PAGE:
Bodrum Mariners Association Café. The shops and bars, buzzing with activity only two nights before, now lay empty and silent. Deniz remarked that he had never seen Bodrum so quiet. However, coffee shops were always open, and he suggested the Bodrum Mariners Association Café for a cuppa. Established as a café for local fishers, it was a relaxing spot to enjoy tea and a Turkish-style bagel called simit.
Castle of St Peter. We then headed towards the Castle of St Peter, home to a superb archaeology museum with an emphasis on undersea wrecks. Constructed by the Knights of St John starting in 1404, the castle was seized by the Ottoman Empire in 1523 and remained under their control for another 400 years. After lying empty for 40 years, the castle was converted into a museum.
Along with exhibitions featuring amphora, glass, coins, jewellery and the history of Halicarnassus, the museum’s claim to fame was its shipwrecks. Dating from 1025, the Serçe Limani was a two-masted vessel with lateen sails some 16m in length. Laden with a glass cargo in excess of three tons, it was thought the vessel was en route to a glass factory somewhere within the Byzantine Empire when it sank off the southern Turkish coast.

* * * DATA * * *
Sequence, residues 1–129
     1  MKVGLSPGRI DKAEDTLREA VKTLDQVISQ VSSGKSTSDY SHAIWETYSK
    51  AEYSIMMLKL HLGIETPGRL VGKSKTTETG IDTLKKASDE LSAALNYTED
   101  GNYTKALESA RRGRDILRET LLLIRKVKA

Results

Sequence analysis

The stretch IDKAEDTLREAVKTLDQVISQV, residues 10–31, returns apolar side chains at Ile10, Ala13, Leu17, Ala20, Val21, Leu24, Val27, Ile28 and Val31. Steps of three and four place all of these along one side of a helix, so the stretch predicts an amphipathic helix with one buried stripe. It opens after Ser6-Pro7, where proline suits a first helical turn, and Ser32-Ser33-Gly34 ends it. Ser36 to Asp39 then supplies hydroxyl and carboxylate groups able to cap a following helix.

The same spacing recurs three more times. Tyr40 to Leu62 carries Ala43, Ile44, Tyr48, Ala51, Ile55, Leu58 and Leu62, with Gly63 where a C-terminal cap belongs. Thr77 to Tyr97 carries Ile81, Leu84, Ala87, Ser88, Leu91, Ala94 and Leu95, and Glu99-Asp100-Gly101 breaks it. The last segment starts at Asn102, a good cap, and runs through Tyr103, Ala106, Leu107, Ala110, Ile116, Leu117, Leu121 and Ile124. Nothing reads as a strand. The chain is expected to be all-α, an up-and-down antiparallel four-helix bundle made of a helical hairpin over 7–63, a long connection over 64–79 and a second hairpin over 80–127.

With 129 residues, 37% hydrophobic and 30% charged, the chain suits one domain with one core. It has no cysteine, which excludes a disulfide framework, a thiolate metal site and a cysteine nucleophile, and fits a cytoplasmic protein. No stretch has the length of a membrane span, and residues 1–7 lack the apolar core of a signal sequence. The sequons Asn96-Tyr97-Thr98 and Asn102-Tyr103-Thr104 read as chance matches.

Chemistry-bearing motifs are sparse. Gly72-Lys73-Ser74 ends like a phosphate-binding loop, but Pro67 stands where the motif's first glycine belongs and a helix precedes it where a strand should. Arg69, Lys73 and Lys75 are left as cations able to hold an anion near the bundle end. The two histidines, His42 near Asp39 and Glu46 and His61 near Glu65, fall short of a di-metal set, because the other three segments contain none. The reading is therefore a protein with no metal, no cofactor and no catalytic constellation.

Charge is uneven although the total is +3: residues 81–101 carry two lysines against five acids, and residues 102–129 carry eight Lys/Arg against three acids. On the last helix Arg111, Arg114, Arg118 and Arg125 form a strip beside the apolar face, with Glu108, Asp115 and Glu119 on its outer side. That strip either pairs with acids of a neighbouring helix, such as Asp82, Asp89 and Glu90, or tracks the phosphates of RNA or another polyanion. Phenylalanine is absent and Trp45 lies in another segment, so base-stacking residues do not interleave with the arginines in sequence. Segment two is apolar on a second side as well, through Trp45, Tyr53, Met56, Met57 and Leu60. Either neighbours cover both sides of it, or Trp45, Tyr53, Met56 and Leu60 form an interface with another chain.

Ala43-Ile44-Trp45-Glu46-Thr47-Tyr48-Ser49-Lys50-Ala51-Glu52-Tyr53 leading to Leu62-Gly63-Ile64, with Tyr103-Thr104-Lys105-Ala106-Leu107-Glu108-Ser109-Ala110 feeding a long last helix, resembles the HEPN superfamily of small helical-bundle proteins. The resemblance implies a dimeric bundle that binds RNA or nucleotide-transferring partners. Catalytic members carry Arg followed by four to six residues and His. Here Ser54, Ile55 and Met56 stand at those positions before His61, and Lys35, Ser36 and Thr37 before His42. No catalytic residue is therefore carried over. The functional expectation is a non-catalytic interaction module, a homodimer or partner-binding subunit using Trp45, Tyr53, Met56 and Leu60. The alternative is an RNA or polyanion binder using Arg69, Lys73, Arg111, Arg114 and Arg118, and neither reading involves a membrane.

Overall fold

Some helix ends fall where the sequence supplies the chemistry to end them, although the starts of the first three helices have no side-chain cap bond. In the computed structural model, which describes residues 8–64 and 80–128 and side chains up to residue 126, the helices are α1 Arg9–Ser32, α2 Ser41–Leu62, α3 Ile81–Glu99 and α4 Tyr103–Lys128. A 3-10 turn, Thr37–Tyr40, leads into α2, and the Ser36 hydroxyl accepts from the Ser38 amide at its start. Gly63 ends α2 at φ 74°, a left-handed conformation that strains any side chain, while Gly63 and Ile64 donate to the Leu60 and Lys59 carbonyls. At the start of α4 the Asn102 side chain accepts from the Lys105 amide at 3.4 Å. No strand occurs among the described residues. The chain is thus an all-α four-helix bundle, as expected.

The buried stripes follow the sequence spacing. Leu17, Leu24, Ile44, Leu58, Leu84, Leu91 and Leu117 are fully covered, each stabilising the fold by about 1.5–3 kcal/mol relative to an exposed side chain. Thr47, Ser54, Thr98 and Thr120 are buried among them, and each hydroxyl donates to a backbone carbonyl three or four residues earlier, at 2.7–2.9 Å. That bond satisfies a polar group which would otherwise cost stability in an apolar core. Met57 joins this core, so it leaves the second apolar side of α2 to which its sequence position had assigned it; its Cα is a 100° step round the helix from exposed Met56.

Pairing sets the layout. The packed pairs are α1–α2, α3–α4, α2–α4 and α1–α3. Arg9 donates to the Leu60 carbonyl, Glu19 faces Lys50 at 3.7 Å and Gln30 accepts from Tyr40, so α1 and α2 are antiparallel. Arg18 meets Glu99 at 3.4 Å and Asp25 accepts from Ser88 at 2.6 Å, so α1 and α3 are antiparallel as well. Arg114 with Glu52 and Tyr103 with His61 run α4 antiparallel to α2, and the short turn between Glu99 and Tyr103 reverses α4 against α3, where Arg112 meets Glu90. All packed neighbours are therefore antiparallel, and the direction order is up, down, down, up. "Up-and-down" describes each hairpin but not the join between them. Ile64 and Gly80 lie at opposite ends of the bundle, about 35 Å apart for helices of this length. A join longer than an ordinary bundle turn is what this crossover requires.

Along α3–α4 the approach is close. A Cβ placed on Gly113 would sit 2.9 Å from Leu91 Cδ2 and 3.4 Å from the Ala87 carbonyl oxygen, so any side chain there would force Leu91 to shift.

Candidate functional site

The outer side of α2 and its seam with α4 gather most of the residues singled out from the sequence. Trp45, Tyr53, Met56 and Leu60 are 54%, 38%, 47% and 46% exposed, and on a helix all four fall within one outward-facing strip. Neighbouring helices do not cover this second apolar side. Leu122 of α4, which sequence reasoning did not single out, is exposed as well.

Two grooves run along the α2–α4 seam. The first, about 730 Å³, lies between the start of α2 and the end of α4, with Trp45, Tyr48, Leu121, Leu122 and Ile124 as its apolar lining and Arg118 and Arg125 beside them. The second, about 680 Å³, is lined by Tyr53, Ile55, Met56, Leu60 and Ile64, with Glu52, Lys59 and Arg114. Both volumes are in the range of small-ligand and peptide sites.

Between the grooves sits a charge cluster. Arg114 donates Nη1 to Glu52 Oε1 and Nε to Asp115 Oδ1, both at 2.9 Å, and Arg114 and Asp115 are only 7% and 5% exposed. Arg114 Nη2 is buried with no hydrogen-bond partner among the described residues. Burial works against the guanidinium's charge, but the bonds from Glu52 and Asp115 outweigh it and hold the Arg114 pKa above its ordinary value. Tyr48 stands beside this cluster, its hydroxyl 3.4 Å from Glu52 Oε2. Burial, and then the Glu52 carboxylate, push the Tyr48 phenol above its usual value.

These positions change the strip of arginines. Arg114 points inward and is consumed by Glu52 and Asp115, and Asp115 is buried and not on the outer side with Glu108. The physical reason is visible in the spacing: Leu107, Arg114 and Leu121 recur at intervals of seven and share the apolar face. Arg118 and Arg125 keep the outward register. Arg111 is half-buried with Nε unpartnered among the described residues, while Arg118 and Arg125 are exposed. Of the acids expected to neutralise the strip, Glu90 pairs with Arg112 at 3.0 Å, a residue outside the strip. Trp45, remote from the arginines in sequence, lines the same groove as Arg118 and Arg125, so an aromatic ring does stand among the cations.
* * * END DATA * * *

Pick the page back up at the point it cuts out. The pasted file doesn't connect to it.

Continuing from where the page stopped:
Even older is the Uluburun, a Late Bronze Age wreck of the late 14th century BC discovered in the Mediterranean near Kas, Turkey. Found by a local sponge diver in the summer of 1982, the wreck had been spared plunder due to its depth between 44 to 61m. Boasting a cargo of copper, tin and glass ingots, jewellery, Cypriot pithoi (large storage jars) and perishable goods, the vessel provides a unique window into Bronze Age maritime trade. Fascinating stuff indeed!
The Mausoleum of Halicarnassus. Bodrum is also home to the remains of one of the world’s original Seven Wonders: The Mausoleum of Halicarnassus. In fact, the word “mausoleum” is derived from ancient King Mausolus, who built the structure as his intended tomb. Completed in the 4th century BC, the original structure stood 45m in height, its sides adorned with columns of sculptural reliefs atop a massive stone platform.